Armstrong is not sorry for what he did, just that he got caught
Even when all this is properly executed, do we really trust the penitent? Or is it simply a requisite ritual?
Armstrong, though he accepted Oprah's invitation, declined our kind invitation to fall to his knees. Nor did he ask for pity — or offer excuses or names. He refused to play snitch and, apparently, has no well-crafted strategy for redemption. He's simply saying he did it.
Perhaps it is a mistake to judge a person's sincerity by affect. We all grieve in different ways; perhaps, too, we experience guilt and shame in our own way.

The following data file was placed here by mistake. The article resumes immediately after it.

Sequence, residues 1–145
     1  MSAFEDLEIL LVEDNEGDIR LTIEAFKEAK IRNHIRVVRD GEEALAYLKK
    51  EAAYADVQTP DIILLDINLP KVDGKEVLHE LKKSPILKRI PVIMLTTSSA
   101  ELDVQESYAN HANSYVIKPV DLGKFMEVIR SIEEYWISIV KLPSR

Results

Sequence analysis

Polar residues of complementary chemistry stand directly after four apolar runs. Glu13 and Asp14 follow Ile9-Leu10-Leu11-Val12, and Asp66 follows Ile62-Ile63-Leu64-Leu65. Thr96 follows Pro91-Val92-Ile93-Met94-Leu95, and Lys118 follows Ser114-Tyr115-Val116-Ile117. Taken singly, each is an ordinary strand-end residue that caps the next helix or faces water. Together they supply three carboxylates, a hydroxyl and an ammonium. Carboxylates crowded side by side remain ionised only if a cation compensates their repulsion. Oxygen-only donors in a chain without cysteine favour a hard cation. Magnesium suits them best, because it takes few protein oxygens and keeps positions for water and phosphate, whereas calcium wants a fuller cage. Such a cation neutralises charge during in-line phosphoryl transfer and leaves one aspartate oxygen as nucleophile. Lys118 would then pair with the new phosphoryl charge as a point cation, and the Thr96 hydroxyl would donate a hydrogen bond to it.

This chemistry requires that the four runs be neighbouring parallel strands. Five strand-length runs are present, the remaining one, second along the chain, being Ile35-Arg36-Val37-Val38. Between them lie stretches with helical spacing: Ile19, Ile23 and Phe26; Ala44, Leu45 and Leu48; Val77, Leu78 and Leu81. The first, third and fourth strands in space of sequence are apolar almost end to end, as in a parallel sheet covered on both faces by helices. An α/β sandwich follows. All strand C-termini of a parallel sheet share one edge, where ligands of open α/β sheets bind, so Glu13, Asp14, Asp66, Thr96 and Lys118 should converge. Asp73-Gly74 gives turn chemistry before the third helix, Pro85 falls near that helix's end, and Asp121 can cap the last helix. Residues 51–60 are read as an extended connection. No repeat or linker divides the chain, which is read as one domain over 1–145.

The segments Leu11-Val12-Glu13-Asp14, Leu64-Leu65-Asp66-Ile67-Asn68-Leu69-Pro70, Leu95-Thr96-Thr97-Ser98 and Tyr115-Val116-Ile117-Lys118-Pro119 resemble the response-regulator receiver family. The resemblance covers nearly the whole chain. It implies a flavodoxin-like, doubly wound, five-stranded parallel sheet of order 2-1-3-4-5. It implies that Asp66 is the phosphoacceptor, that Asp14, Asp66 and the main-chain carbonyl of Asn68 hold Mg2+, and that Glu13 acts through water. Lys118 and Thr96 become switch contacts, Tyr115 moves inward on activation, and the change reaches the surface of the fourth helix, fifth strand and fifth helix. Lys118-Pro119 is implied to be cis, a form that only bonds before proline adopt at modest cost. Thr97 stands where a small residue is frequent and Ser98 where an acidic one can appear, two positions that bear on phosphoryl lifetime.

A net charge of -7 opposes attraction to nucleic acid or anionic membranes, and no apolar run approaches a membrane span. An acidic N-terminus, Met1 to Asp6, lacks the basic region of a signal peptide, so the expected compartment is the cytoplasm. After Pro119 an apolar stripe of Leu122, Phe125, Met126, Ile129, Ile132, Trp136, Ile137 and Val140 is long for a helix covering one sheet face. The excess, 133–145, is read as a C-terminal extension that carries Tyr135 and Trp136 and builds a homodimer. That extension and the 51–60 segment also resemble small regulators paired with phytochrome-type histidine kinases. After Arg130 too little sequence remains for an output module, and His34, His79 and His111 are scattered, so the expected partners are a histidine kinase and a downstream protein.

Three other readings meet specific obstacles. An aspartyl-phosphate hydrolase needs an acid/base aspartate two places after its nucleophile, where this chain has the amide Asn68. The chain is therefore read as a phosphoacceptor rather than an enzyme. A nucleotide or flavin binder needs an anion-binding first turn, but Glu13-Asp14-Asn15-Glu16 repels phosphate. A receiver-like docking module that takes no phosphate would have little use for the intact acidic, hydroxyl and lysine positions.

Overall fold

Stripped of his seven Tour de France titles, his Olympic medal, ousted by the foundation he created and facing multiple lawsuits, Armstrong has fallen just about as far as one can. It seems enough.
Kathleen Parker's email address is firstname.lastname@example.org.
- Kathleen Parker: The GOP's toxic messaging
- Nelson Mandela left legacy of freedom and faith
- In our opinion: U.S. schools still separate...
- George F. Will: Why Iran should be contained
- In our opinion: Letting Afghanistan revert to...
- About Utah: His business is fun, games and...
- Richard Davis: Don't turn A.G. into an...
- Kathleen Parker: The GOP's toxic messaging 44
- In our opinion: U.S. schools still... 43
- Robert J. Samuelson: Economics lacks... 40
- Charles Krauthammer: The real problem... 37
- Letter: Preventative care 29
- Robert Bennett: 'Nuclear option' ends... 27
- In our opinion: Pioneer Park progress... 16
- George F. Will: Why Iran should be... 16